close
WIMBLEDON:  Britain’s Emma Raducanu celebrates winning a point against Greece’s Maria Sakkari during their women’s singles tennis match on the fifth day of the 2024 Wimbledon Championships at The All England Lawn Tennis and Croquet Club in Wimbledon. – AFP
WIMBLEDON: Britain’s Emma Raducanu celebrates winning a point against Greece’s Maria Sakkari during their women’s singles tennis match on the fifth day of the 2024 Wimbledon Championships at The All England Lawn Tennis and Croquet Club in Wimbledon. – AFP

Alcaraz faces piano man at Wimbledon

LONDON: Defending champion Carlos Alcaraz targets the Wimbledon quarter-finals on Sunday against a piano-playing Frenchman, while Emma Raducanu has British fans dreaming of a first home women’s champion in 47 years. Alcaraz, chasing a fourth Grand Slam title, is attempting to become just the sixth man to win the French Open and Wimbledon back-to-back.

After cruising through the first two rounds, the Spanish world number three twice trailed by a set before defeating Frances Tiafoe in the round of 32. “I realize that I’m a good player in the fifth set,” said the 21-year-old. “I push the opponent just to be at his 100% physically and mentally, and play at his 100%. Sometimes for the other player it is difficult to keep at this kind of intensity.” World number 16 Humbert is in the fourth round for the second time, five years after reaching the same stage. Away from the courts, the left-handed French number one can be found playing the piano, a passion since he was five years old.

“I love music. I play a little bit of electric guitar, but I’m better at piano,” he said. “When you play piano, you are only with you. It’s great to have the time to be alone, to enjoy. In tennis, it’s the opposite.” Humbert is one of three Frenchmen to have made the last 16 at this year’s Wimbledon. Three years after her breakthrough summer when a run to the last 16 at Wimbledon was followed by an historic US Open title, Raducanu is making headlines again.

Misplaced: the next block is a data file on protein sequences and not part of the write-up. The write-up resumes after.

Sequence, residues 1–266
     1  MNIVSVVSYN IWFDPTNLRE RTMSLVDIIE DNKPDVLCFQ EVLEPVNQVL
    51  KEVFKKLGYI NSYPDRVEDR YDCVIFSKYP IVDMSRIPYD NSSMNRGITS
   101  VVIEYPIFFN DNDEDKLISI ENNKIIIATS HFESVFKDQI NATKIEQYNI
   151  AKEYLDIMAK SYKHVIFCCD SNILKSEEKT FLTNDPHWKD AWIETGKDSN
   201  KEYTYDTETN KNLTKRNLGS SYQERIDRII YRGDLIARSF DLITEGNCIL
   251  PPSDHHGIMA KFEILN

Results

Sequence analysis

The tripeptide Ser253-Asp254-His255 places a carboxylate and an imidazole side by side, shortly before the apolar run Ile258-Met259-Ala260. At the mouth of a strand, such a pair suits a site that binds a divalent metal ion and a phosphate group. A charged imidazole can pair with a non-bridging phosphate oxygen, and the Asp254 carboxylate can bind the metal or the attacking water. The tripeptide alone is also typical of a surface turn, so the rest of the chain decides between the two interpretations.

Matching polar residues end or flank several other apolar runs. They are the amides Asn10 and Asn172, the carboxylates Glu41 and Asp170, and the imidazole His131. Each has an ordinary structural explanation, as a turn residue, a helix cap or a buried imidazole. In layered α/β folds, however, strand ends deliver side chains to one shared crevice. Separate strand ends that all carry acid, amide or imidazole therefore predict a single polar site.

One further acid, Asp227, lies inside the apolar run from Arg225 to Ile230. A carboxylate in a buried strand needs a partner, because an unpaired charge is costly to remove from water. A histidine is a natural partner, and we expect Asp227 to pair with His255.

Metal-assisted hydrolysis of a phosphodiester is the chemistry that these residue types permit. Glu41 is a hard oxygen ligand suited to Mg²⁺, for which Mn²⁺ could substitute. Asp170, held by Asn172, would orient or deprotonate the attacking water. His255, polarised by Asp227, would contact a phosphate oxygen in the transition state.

The British star, now ranked 135 after a depressing run of injuries, indifferent form and questionable coaching changes, finds herself with a potentially clear run to the semi-finals. On Sunday, the 21-year-old faces Lulu Sun, the first New Zealand woman in the fourth round since 1959. If she gets through that, a quarter-final date with either Paula Badosa or Donna Vekic awaits.

Raducanu’s win over Maria Sakkari on Friday was just her second over a top 10 player - both have come in the last two weeks. “I’m just trying to cherish every moment I have here,” said Raducanu. On Saturday, Raducanu pulled out of the mixed doubles where she had been set to play alongside Andy Murray. That decision meant Murray’s All England Club career ended on a low note. Judy Murray, the mother of the two-time Wimbledon champion, described Raducanu’s decision as “astonishing”. 

However, she insisted Sunday that her comment was tongue-in-cheek and not a criticism of Raducanu, who had been slated to play with Murray in the last match on Saturday night. “Not sure anyone understands sarcasm these days,” Judy Murray wrote on X. “Pretty sure the scheduling (4th match court 1 with a singles following day) will have played a major part in any decision making.” Sun, a 123rd-ranked qualifier, had played and lost her only Grand Slam match before this Wimbledon.  - AFP

By Sheikh Mohammed Ahmed Al-Sabah AAIOT Chairman of the Board of Directors The Arabian Gulf countries are known for their vast oil reserves and wealth, but they are also facing serious challenges such as climate change, water scarcity, and corruptio...
By Abdullah Al-Mutawa In recent years, Kuwait has observed a noticeable decline in public taste, as evidenced by shifts in our cultural, artistic, and social life. This trend poses a significant challenge to our nation’s cultural identity and inte...